Information diffusion in heterogeneous groups

Jennifer M. Larson

    Research output: Contribution to journalArticle

    Abstract

    Standard approaches to the study of information diffusion draw on analogies to the transmission of diseases or computer viruses, and find that adding more random ties to a network increases the speed of information propagation through it. However, a person sharing information in a social network differs from a computer transmitting a virus in two important respects: a person may not have the opportunity to pass the information to every tie, and may be unwilling to pass the information to certain ties even when presented with the opportunity. Accounting for these two features reveals that, while additional random ties allow information to jump to distant regions of a network, they also change the composition of network neighborhoods. When the latter increases the proportion of neighbors to whom people are less willing to pass information, the result can be a net decrease in diffusion. I show that this is the case in heterogeneous, homophilous networks: the addition of random ties strictly impedes information dissemination, and the impediment is increasing in both original homophily and the number of new ties.

    Original languageEnglish (US)
    Pages (from-to)449-458
    Number of pages10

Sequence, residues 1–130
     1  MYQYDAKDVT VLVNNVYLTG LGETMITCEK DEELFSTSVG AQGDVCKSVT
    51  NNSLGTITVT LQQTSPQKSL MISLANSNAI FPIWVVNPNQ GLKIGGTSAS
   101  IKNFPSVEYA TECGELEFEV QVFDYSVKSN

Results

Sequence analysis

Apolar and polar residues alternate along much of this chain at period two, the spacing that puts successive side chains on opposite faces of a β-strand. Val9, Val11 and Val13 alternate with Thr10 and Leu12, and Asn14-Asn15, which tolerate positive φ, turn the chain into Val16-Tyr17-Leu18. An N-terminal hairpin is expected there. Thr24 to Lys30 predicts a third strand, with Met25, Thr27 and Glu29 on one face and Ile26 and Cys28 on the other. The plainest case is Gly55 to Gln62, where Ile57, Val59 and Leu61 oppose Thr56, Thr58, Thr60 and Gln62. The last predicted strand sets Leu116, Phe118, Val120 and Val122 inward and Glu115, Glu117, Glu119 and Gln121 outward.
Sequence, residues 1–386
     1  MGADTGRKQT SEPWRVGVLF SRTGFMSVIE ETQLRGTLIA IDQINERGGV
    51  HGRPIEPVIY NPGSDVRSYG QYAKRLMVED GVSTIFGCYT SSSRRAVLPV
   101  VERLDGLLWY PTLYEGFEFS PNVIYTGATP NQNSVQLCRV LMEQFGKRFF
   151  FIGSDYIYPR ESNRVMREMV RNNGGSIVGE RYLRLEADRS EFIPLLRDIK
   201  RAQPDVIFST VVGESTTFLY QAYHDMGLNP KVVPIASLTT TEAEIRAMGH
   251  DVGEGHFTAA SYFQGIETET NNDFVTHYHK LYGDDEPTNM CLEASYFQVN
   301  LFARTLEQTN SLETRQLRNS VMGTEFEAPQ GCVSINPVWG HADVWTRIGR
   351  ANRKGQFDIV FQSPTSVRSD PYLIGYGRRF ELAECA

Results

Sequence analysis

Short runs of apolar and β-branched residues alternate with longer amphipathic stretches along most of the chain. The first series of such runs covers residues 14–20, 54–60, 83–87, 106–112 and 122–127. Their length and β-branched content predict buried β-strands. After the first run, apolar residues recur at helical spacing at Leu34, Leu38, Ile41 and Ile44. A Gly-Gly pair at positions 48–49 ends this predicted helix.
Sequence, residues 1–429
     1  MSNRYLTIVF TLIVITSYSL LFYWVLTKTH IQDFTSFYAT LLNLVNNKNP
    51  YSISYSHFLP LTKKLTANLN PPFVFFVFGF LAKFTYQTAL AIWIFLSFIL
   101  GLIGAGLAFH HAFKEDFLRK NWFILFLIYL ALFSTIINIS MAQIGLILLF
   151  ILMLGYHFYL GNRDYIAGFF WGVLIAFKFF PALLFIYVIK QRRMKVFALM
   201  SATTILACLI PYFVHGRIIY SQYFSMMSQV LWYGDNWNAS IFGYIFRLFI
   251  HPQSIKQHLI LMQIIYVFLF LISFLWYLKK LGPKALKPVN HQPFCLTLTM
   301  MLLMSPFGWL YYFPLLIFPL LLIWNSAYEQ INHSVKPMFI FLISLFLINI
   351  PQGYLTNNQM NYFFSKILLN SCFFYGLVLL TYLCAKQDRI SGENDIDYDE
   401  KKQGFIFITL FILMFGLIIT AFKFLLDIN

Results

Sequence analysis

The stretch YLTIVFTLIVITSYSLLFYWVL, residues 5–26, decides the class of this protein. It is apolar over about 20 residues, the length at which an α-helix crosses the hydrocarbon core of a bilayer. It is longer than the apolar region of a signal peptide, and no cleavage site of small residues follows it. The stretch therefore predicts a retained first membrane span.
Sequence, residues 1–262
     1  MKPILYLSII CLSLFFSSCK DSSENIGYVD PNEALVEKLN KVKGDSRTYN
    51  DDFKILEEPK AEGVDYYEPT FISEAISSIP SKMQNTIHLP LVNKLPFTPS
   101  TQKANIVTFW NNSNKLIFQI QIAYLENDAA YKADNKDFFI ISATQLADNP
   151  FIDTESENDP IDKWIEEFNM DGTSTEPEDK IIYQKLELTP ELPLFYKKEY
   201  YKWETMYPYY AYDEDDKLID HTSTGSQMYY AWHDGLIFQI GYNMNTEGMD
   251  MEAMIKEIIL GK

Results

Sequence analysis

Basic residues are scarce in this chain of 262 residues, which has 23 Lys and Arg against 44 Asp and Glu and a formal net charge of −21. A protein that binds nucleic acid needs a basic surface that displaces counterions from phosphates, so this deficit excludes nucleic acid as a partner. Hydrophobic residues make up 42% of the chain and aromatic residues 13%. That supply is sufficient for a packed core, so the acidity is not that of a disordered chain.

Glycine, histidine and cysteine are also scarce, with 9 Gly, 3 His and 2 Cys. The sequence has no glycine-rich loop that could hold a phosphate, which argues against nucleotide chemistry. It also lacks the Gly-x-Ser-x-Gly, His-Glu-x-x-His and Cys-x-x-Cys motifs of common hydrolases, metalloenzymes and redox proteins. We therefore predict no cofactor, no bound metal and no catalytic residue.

JournalStudies in Computational Intelligence
    Volume693
    DOIs
    StatePublished - 2017

    Fingerprint

    Computer viruses
    Information dissemination
    Heterogeneous networks
    Chemical analysis

    ASJC Scopus subject areas

    • Artificial Intelligence

    Cite this

    Information diffusion in heterogeneous groups. / Larson, Jennifer M.

    In: Studies in Computational Intelligence, Vol. 693, 2017, p. 449-458.

    Research output: Contribution to journalArticle

    Larson, Jennifer M. / Information diffusion in heterogeneous groups. In: Studies in Computational Intelligence. 2017 ; Vol. 693. pp. 449-458.
    @article{eefd5207bbc94a269e62cbfd02b25a4e,
    title = "Information diffusion in heterogeneous groups",
    abstract = "Standard approaches to the study of information diffusion draw on analogies to the transmission of diseases or computer viruses, and find that adding more random ties to a network increases the speed of information propagation through it. However, a person sharing information in a social network differs from a computer transmitting a virus in two important respects: a person may not have the opportunity to pass the information to every tie, and may be unwilling to pass the information to certain ties even when presented with the opportunity. Accounting for these two features reveals that, while additional random ties allow information to jump to distant regions of a network, they also change the composition of network neighborhoods. When the latter increases the proportion of neighbors to whom people are less willing to pass information, the result can be a net decrease in diffusion. I show that this is the case in heterogeneous, homophilous networks: the addition of random ties strictly impedes information dissemination, and the impediment is increasing in both original homophily and the number of new ties.",